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Comprehensive social equity study for the Baltimore Urban League.
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  • Abstract:
    This report was commissioned by the Greater Baltimore Urban League (GBUL) to the

    Graduate Program in City and Regional Planning and the National Transportation Center

    at Morgan State University. The purpose of the report is to answer two broad research

    questions: (a) how does the public participation process in transportation reach,

    empower, and take into account low-income and minority communities and their needs,

    problems, and aspirations? And (b) how are equity and environmental justice data and

    concerns incorporated into the decision- making process? The research employed

    multiple methods. These included a literature review; qualitative interviews with

    transportation planners, practitioners and policymakers, and other stakeholders in

    transportation planning and policy; a focus group; and a survey. Our primary analytical

    framework was drawn from critical ethnography and studies of practice and discourse in

    public policy.

    Three different views of environmental justice emerged from this study. Most

    private consulting firms are engaged in environmental justice and citizen participation

    because it’s a source of job and contracts. Most public officials are engaged in

    environmental justice and public participation because it’s a federal regulation and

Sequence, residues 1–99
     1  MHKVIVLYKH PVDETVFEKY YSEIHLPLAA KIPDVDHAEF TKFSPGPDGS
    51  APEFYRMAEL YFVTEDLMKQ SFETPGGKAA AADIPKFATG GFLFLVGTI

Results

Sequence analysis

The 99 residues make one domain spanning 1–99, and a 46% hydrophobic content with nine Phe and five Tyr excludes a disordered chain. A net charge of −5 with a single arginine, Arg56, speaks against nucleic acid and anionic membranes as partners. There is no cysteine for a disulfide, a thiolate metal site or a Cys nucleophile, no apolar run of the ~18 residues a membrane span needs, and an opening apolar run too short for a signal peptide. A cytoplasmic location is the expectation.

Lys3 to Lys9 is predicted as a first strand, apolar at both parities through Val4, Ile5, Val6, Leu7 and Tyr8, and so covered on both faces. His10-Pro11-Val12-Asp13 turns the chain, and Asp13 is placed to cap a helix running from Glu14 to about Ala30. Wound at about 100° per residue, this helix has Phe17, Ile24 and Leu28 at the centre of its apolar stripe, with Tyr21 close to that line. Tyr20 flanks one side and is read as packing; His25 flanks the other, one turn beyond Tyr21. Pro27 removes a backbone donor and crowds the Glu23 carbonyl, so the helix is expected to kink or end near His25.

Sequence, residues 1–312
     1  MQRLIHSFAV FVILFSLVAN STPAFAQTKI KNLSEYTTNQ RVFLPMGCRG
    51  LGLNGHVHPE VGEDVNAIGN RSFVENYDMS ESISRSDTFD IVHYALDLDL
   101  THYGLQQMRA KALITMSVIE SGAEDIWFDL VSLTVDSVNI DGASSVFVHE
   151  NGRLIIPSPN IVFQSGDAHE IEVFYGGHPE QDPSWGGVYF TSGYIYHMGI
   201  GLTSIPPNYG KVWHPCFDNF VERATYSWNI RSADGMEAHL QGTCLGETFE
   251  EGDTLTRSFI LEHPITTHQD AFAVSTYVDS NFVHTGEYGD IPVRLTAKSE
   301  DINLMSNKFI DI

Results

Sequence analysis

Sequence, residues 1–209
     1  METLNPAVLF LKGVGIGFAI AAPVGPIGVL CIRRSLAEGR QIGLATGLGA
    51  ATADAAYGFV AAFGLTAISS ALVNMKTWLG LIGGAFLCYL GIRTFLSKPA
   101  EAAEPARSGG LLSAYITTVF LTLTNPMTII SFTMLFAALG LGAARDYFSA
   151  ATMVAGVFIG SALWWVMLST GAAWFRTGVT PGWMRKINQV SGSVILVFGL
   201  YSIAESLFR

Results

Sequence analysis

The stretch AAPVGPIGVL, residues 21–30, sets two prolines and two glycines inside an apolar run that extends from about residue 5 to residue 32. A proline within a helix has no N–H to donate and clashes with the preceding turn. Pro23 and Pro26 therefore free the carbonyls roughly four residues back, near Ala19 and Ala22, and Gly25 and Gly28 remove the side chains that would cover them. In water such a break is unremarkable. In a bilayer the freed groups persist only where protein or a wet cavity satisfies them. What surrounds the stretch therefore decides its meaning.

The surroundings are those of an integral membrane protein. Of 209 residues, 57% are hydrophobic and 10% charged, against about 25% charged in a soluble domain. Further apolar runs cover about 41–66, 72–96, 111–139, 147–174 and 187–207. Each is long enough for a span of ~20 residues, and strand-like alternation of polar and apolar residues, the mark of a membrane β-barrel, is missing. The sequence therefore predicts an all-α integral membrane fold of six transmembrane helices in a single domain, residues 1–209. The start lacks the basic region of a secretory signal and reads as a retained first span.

requirement. However, most citizen and advocacy groups consider environmental justice

    and citizen participation as part of the agency’s mission. The lack of uniform standards

    regarding environmental justice issues, coupled with scarcity of information, as well as

    the complexity of the issues, are all obstacles in implementing and enforcing environmental justice principles. Access to information is an important issue for

    community organizations, advocacy groups, low income and minority groups. Public

    agencies often hold meetings at places that are not easily accessible, or at times difficult

    for transit dependent, low-income, and minority populations to attend.

    We recommend that transportation agencies take a proactive stance in involving

    low-income and minority communities in the transportation policy and planning process.

    This should involve establishing outreach programs through nonprofit organizations,

    minority institutions, and advocacy groups that already play significant roles in these

    communities. The transportation agencies should work with these organizations to set up

    public meetings and hearings that are accessible. They should consider holding meetings

    in the communities themselves, and at times and on days which will allow the maximum

    possible participation. One idea that may be effective is holding informal, small-group

    meetings in neighborhoods, initiated by community leaders. Another way to boost

    participation would be to provide child-care during the meeting. Utilizing people who

    understand the culture of the targeted communities to initiate contact is also crucial to

    ensure greater participation among minority groups. In addition to the process of

    soliciting community involvement, making information on transportation issues readily

    available is critical. Such methods as radio, schools, libraries and churches could prove

    to be effective means of communications. There is also the need to translate documents

    into languages other than English to reach out to the non-English speaking minorities.

    The findings also suggest the need for transportation agencies, particularly the MTA, to

    re-evaluate bus schedules and routes to meet the demand of low-income and minority

    populations that depend on the system. The frequency and quality of the services should

    be improved, especially in the poorer segments of the city, in order to make the transit

    system just and equitable.

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